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[inaudible] let anyone get away with anything. and it had a better success rate than any other program that i had seen. so this is a great start for getting the right thing done and i appreciate mr. jeffries and mr. richmond. it was his desire and chairman nadler for making this happen. and i reserve the rest of my time. the speaker pro tempore: the gentleman from tech as >> the gentleman from texas reserves. the gentleman from new york is recognized. >> mister speaker, i now yield three minutes to the distinguished gentleman from rhode island, mr. cicilline. >> the chairman recognizes the gentleman from rhode island. >> i rise today and strong support of the equal act, which eliminates the discriminatory sentencing disparity between crack and powdered cocaine. and i want to thank chairman nadler for his leadership in bringing this bill before our
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committee and it's good passage. and of course, thank you chairman jeffries and mr. armstrong, chairman scott, for their leadership on this issue. as you know, mister speaker, 35 years ago congress passed the anti drug abuse act. it created this drastic sentencing disparity between two types of cocaine, the same substance just in a different form. as it has been explained, under this disparity you need 100 times the amount of powder cocaine than crack cocaine to get the same sentence. there was no scientific basis for this, no empirical evidence that there was any difference, and the harm that this caused was devastating to so many. for more than three decades, defendants have suffered under this disparity, with highly disproportionate impact on communities of color. that has led to mass incarceration and has led to the destruction of so many lives unnecessarily. in 2010, and congress changed the sentencing disparity from 100 to one to 18 to one. while that is some progress --
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that was some progress, and in 2018 we improved on it even more under the extraordinary leadership of mr. jeffries, by making it retroactive. but while it was a step in the right direction, making the disparity smaller did not make the sentencing fair. and so we finally do that. you know, i served as a public defender and criminal defense lawyer for many years. i unfortunately have seen how often our criminal justice system fails to deliver justice. this disparity is just one of those examples. this legislation will at last fully resolve the discriminatory sentencing disparities between crack and powder cocaine and correct this injustice for so many. our prisons are overcrowded, and lives are unfairly harmed every day, especially in communities of color, because of unjust and discriminatory sentencing laws. that results in mass incarceration and other harms. the equal act is one important step, among so many, but we have to take to end the cycle.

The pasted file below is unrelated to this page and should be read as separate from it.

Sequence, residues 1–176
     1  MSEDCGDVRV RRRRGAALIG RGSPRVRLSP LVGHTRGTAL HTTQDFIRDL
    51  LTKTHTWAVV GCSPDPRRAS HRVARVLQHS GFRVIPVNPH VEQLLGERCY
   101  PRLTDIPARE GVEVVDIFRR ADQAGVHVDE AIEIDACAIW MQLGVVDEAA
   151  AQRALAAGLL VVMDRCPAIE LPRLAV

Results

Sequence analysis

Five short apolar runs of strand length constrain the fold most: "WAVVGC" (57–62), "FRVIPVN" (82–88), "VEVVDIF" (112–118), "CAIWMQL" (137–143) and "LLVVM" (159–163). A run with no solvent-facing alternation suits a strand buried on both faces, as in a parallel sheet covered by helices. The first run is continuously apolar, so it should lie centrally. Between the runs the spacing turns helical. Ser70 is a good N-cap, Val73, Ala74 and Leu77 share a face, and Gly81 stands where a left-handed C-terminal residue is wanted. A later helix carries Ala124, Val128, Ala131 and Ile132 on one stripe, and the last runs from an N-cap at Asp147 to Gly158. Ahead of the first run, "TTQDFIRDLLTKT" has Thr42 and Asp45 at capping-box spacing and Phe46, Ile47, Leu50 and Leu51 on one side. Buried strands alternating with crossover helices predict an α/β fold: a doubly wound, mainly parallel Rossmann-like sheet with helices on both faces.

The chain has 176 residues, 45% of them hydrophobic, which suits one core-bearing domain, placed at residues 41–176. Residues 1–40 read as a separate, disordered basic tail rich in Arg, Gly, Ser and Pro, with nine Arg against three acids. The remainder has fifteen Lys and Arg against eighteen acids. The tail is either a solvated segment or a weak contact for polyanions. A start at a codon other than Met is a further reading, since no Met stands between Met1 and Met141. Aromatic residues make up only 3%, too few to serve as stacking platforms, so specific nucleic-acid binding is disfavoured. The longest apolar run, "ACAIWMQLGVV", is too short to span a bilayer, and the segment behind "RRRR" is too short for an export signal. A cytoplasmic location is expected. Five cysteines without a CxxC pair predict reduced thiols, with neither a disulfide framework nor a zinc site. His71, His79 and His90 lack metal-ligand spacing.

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i want to end once again [inaudible] if mr. gohmert is right, texas did this years ago i will say words >> the gentleman from texas reserves. the gentleman from new york is recognized. >> i yield three minutes to the distinguished gentlelady from texas, again from texas, miss jackson-lee. >> the chair recognizes the distinguished gentlelady from texas. >> mister speaker, i think you and i thank the distinguished chairman of the judiciary committee for yielding, and with the distinguished gentleman from rhode island, judge gohmert we know that
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texas knows how to lead. so thank you so very much for bringing that to our attention. let me take just a moment to turn and say thank you to chairman jeffries for leaving us on and providing the energy and the engine for doing something that is both, and will be, lifesaving. it is and will continue to be life-saving. it is my life's work to use the criminal justice system as a reform mechanism to save lives, and to ensure that it is not a system that unequally prides itself in supporting the rights sometimes of the offender, without acknowledging the rights of the victim. in many instances in addiction
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[inaudible] given the treatment that they should get, or they are not given the recognition of the question of how you can fairly address these laws, they are in fact becoming victims. they become incarcerated. they lose their rights to vote. their families are separated from them. they are stigmatized. they may lose their dream, their life's dream of being a teacher or a police officer or a lawyer. we don't know what lives we lost in the so-called war on drugs. how many fell by the wayside? and so i am proud to support h.r. 1693, the equal act of 2021 which will eliminate the disparity of crack cocaine and powder cocaine and help those who received unfair and harsh